Huntington's Disease Parity Act of 2015 (HR 842/S 968, 114th Congress)
What it does
Updates Social Security guidelines for Huntington’s disease.
- Updates the medical evaluation criteria for individuals applying for Social Security Disability for Huntington’s disease, and makes patients eligible for benefits earlier in their disease progression.
- Currently individuals who are deemed eligible for disability benefits must wait two years before receiving Medicare benefits. The current bill would waive that waiting period.
- Fatal, heritable, neurodegenerative disorder.
- Affects muscle coordination/movement with coinciding cognitive and behavioral disruptions.
- Prevalence in the U.S. is estimated to be 15,000 - 30,000.
- Social Security Disability Insurance (SSD or SSDI) guidelines specifically evaluate HD as dependent on chorea, the uncontrollable writhing movements that characterize the motor disability of the disease.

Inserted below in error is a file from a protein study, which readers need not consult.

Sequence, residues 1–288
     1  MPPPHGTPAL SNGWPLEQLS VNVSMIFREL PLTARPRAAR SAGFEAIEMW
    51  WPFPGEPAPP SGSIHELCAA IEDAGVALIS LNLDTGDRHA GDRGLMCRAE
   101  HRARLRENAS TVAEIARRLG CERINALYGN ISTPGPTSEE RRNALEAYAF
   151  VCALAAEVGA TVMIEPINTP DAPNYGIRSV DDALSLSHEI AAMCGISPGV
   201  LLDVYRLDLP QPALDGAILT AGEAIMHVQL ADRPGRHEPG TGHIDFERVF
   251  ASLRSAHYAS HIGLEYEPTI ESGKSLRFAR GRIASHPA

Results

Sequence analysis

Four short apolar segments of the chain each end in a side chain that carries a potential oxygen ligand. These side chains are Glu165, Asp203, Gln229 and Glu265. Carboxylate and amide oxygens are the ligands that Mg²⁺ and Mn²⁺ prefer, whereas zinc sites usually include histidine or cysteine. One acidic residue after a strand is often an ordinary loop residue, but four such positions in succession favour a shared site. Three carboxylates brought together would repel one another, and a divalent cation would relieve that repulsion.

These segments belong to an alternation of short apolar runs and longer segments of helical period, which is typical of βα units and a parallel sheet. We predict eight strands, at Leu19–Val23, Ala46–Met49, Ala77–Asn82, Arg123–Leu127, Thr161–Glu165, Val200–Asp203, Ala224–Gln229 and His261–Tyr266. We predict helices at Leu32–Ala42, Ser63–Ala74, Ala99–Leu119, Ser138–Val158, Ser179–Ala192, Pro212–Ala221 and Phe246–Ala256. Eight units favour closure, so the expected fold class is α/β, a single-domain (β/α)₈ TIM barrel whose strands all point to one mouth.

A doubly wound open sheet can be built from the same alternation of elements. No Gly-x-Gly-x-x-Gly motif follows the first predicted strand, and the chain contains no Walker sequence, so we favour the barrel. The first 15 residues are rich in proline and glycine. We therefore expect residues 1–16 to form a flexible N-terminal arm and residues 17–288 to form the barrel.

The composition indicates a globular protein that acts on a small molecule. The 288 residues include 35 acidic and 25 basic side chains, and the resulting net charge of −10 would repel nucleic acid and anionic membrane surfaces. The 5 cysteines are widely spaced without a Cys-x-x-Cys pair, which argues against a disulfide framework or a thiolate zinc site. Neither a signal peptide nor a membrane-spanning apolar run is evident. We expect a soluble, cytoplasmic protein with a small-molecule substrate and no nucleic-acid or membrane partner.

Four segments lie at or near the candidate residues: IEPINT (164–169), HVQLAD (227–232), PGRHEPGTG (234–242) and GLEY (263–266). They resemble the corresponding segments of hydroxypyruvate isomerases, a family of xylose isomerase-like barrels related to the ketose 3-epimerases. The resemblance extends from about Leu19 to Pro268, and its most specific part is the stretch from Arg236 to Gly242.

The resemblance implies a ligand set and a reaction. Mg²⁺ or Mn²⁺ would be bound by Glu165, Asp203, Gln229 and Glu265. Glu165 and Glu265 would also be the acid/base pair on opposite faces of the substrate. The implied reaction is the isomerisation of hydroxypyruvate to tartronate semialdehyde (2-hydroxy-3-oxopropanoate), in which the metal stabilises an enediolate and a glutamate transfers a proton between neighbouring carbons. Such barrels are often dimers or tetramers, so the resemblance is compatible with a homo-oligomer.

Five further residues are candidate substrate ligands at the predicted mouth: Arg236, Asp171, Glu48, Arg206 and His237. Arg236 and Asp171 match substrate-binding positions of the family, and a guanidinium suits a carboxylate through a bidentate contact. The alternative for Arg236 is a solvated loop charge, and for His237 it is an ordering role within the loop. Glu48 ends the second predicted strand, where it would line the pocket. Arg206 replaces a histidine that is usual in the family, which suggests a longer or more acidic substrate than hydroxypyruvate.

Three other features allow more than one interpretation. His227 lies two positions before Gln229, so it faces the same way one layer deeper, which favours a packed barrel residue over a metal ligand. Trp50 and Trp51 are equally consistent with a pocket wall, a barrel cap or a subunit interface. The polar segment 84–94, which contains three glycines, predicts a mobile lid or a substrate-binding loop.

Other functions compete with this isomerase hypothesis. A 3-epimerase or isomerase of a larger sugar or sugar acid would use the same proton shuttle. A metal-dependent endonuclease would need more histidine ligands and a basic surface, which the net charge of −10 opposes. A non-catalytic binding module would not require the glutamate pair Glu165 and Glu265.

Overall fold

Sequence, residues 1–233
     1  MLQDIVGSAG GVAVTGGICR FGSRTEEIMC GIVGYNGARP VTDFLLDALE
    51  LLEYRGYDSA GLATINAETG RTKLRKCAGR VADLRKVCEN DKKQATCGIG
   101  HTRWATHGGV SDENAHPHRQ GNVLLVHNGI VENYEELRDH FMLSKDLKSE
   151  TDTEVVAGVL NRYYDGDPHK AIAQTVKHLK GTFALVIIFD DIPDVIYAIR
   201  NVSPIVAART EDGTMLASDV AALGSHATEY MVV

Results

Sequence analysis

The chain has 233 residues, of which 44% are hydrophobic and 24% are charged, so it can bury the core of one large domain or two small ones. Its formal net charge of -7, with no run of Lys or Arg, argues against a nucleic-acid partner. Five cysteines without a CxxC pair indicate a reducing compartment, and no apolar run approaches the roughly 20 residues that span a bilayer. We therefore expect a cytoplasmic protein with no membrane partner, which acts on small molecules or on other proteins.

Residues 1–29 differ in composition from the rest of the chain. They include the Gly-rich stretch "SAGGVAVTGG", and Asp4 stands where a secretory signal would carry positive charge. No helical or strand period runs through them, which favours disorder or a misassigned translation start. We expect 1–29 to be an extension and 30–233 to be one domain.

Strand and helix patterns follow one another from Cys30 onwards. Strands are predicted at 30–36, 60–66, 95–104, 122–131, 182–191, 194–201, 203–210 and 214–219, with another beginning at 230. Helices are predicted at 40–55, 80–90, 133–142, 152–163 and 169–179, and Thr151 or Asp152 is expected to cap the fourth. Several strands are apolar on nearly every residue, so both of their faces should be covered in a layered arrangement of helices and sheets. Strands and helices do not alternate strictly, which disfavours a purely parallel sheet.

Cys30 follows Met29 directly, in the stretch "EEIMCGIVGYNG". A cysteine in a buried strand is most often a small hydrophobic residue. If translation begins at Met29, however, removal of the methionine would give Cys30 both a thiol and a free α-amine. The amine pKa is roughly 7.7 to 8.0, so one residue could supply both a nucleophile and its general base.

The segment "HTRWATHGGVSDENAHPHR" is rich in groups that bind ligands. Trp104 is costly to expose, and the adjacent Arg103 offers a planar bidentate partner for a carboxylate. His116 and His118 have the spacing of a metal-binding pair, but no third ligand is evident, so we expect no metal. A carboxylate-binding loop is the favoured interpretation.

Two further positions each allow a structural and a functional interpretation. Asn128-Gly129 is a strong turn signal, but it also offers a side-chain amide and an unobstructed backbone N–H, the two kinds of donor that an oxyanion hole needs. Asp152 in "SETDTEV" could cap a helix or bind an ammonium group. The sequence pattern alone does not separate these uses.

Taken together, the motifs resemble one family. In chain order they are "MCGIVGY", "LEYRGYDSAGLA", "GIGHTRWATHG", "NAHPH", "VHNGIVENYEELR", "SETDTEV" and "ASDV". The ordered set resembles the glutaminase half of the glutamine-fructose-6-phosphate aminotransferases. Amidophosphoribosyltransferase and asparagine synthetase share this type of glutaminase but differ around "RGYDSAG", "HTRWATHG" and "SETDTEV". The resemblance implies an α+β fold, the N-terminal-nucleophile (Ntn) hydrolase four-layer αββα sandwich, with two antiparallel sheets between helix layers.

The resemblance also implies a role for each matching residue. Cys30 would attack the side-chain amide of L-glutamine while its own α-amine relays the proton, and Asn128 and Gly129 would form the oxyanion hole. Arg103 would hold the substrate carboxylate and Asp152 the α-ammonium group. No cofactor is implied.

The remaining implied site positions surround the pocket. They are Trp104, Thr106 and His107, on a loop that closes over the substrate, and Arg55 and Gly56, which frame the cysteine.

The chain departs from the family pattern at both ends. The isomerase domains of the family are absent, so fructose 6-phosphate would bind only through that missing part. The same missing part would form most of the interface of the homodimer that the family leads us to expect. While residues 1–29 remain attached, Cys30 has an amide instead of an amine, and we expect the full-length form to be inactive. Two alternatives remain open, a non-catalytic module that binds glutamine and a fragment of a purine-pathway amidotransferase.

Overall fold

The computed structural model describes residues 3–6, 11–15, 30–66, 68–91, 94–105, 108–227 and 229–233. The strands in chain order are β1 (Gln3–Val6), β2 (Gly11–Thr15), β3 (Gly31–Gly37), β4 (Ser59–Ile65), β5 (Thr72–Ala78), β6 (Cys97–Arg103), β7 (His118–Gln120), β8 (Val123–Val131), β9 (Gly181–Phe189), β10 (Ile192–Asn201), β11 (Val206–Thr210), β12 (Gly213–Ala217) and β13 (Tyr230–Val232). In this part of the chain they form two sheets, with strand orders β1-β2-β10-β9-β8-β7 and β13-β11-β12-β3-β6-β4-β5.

- Disease is inexorable, typically progressing over a period of years with no effective treatments.
Endorsements & Opposition
In the 2001 Congress passed a similar bill, the Consolidated Appropriations Act, that incorporated the Medicare, Medicaid, and SCHIP Benefits Improvement and Protection Act of 2000 (H.R.5661 - see Section 115). This law effectively waived Medicare’s two-year waiting period for individuals diagnosed with amyotrophic lateral sclerosis, also known as Lou Gehrig’s disease.
- H.R. 842 has garnered early bipartisan support with 189 cosponsors (119-D/70-R) as of August 9, 2015.
- The primary sponsor Rep. Adam Kinzinger (R-IL-16) states: “This bipartisan legislation is a targeted solution that will fix an outdated system for a very vulnerable group of people” and original co-sponsor Rep. Bill Pascrell (D-NJ-9) adds: “This legislation takes the critical step of shortening the wait for Social Security and improving access to Medicare coverage for individuals with HD in order to get those suffering from this devastating disease the care they need.”
- Supporters led by the Huntington’s Disease Society of America state that many HD patients suffer from debilitating cognitive and behavioral effects at least a decade before chorea symptoms manifest. These impediments often lead to loss of employment and employer-provided benefits, which is addressed by the current bill.
- There have not been any public statements opposing the bill.